Eaternity by Jason Wrobel

Eaternity is a very earnest cookbook best suited for very dedicated vegans rather than those looking for an occasional vegan dinner. The recipes are divided by health benefit rather than type – making it a book one would use when looking for an energy pick up, better sex, or or a myriad of other benefits. I appreciate the author’s passion for a vegan lifestyle and it shows throughout the book; and yet, this also feels very ‘slick’ and less honest than it should.

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The book breaks down as follows: Eat for better sex; Eat for good sleep; Eat for weight loss, Eat for happiness and good moods; Eat for more energy; Eat for detoxification; Eat for brainpower; Eat for more muscle; Eat for immunity; Eat for strong bones; Eat for great skin; Eat for strong eyesight; Eat for a healthy heart; Eat for less stress. Jason’s perfect pantry list, essential kitchen equipment, Jason’s favorite products and resources, index.

The recipes are easy to prepare – quite a few (if not most) start and end with a blender. Others require specific equipment; e.g., a spiralizer to make vegetable pasta. The ingredients are fairly specific as well, whether familiar or not. E.g., white truffle salt, organic virgin coconut oil, lacinato kale etc. But there are also quite a few harder to find items: coconut aminos, maca powder, ashwagandha, superfoods green powder, vanilla vegan protein, etc. You’d have to have a vegan stocked pantry in advance, I feel, to really take advantage of the book.

The recipes are cleanly laid out, some with photographs but many without. Serving size as well as allergies/gluten/and other information are provided for each. The recipes utilize 3 font colors – making for an aesthetically pleasing and easy to use format (though the type is very small). All have an introduction, separate list of ingredients, and then numbered directions in chunky paragraph form.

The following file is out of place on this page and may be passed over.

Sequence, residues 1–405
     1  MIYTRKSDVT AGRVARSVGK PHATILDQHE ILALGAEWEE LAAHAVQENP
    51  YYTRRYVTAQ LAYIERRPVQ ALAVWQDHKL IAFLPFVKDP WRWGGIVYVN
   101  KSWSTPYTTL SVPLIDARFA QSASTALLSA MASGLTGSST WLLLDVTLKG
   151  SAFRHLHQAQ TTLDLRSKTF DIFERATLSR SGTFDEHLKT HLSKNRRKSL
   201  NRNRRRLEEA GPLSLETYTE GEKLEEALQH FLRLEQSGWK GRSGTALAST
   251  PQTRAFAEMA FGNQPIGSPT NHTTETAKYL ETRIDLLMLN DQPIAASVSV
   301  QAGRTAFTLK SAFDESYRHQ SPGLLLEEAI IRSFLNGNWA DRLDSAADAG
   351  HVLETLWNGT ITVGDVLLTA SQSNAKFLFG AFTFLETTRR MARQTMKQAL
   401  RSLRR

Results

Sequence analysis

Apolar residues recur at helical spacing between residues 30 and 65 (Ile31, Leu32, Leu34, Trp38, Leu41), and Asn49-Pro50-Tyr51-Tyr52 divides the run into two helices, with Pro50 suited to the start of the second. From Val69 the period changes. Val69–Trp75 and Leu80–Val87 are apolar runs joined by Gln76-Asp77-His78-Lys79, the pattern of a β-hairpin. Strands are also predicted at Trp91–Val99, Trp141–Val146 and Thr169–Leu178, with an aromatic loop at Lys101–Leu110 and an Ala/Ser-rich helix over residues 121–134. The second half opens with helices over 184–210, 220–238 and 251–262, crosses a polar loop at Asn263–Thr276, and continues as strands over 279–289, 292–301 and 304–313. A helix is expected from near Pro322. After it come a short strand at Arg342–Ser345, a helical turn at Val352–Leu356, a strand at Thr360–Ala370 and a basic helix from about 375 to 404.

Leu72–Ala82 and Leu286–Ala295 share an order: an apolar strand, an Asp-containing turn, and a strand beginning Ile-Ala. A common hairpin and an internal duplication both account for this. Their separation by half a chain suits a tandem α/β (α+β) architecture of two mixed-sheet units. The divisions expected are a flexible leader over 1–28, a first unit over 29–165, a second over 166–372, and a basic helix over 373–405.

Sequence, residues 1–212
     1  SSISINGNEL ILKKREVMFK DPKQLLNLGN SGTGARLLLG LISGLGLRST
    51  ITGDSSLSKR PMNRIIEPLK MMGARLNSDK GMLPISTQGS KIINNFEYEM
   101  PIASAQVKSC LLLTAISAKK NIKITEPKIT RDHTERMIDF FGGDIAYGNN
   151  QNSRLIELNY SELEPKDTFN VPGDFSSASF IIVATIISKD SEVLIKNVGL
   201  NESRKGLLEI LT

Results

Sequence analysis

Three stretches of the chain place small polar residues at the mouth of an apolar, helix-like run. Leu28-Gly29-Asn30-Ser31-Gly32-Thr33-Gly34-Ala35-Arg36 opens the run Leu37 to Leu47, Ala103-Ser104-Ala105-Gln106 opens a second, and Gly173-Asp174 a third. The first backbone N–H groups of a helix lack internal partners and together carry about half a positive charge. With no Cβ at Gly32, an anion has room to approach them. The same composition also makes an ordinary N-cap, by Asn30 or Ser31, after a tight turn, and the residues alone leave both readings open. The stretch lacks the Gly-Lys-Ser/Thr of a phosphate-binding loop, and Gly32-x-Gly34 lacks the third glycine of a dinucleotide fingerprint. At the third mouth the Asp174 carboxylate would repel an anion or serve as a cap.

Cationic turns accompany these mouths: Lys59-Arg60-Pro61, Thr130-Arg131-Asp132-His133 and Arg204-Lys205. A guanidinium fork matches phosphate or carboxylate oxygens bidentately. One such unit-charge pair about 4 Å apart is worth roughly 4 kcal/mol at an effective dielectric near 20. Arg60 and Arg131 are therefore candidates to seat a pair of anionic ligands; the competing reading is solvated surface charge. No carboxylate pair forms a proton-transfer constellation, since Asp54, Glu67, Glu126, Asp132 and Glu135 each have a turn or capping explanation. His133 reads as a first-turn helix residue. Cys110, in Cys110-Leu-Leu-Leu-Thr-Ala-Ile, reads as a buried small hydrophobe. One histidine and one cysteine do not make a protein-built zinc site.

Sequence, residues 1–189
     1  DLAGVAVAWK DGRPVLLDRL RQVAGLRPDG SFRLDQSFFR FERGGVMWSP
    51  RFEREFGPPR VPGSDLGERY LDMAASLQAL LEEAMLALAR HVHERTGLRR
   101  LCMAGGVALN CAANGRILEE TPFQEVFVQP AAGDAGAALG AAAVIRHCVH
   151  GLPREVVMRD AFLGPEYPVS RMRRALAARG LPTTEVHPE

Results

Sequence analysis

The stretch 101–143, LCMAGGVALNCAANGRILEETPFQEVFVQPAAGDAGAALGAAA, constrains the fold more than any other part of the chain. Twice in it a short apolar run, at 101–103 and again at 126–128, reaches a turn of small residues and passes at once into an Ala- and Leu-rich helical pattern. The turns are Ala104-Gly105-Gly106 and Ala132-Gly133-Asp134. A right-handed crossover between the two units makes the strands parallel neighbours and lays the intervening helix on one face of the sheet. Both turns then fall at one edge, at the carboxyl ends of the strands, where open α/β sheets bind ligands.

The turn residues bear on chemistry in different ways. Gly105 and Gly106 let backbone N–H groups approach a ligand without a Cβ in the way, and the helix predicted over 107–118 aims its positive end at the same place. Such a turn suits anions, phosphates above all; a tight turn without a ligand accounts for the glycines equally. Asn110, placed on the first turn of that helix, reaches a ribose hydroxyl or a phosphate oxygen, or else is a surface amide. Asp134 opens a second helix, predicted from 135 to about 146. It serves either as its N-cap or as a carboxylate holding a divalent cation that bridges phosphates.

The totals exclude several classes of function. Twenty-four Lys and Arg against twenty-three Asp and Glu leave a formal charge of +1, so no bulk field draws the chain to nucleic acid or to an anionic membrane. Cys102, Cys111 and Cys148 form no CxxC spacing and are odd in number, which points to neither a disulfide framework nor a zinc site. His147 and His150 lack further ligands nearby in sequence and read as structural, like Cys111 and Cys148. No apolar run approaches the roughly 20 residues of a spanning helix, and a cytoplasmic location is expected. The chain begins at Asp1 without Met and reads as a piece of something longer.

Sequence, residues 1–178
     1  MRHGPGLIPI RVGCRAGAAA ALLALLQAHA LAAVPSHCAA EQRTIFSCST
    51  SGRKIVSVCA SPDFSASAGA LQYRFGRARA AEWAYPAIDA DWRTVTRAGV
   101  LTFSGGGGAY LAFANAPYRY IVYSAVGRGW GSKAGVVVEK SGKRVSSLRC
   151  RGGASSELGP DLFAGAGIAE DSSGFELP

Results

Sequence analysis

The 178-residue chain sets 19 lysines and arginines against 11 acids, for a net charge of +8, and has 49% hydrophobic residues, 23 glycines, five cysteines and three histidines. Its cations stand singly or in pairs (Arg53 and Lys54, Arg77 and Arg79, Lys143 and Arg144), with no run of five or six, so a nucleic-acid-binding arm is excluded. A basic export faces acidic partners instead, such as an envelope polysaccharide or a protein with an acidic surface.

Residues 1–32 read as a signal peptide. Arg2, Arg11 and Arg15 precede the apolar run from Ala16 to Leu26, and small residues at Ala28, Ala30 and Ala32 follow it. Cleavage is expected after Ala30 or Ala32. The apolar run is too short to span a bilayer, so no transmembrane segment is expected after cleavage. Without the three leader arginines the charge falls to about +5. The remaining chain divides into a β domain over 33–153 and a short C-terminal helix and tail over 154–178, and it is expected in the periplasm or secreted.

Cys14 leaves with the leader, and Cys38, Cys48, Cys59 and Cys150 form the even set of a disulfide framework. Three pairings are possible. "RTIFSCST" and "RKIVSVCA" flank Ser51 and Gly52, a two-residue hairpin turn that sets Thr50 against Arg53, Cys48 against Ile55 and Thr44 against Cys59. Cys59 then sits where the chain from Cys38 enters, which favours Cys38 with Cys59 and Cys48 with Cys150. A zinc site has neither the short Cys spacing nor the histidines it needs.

The ‘marketing influence’ is all over this, unfortunately, and I feel kind of manipulated. The recipes are made to look ‘easy’ with a low number of steps – but each step has 10 things to do in it – which is somewhat deceptive and it makes following directions harder than it should be. As well, ordering the cookbook by health benefits rather than the more usable breakfast/lunch/dinner is a marketing excuse to differentiate the cookbook – but again, it makes it more difficult to find a recipe. I certainly don’t want to go hunting through the book to find a good dinner for the evening. As well, there are lovely pictures but only for half the recipes or so. It makes it hard to figure out what the recipe will look like or imagine if I would like it without them (since this is a vegan cookbook, things are a bit different than, e.g., a recipe for an old time favorite like fettuccine alfredo).

Each section has an introduction to the recipes, discussing the recipe ingredients used and how they ‘may’ include the intended benefit. They are a nice ‘motivational’ bit but Wrobel’s regimen may not have appeal for all: e.g., he does a far-infrared sauna therapy for a minimum of 15 minutes daily along with some ground psyllium husk to support bowel movement, etc. But the tone is friendly and his dedication and commitment to a healthy lifestyle are commendable.

The recipes themselves are varied. Cauliflower popcorn for movie night, mango lemon pepper kelp noodles, sweet crepes with strawberry tomato coulis, apple pie smoothie, green curry vegetables with jicama rice, spicy jackfruit tacos, etc. Many, I felt, were in a section just by adding an ingredient that isn’t intrinsic to the recipe’s taste or look – so you could add different ingredients to the same recipe and have it in 8 sections. But again, there are many in here to explore – though admittedly I just wasn’t feeling a lot of them.

As can be seen above, I did have mixed feelings about Eaternity (even the title sounds gimmicky). Wrobel will probably outlive me by years, though, so I imagine he gets the satisfaction of the last laugh. For me, I just didn’t find any recipes that interested, the directions too clumpy, and ingredients a bit too specific for general use. Reviewed from an advance reader copy provided by the publisher.

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This entry was posted in ARC, Book Reviews, cookbook, fitness/diet, health, non fiction, nonfiction. Bookmark the permalink.

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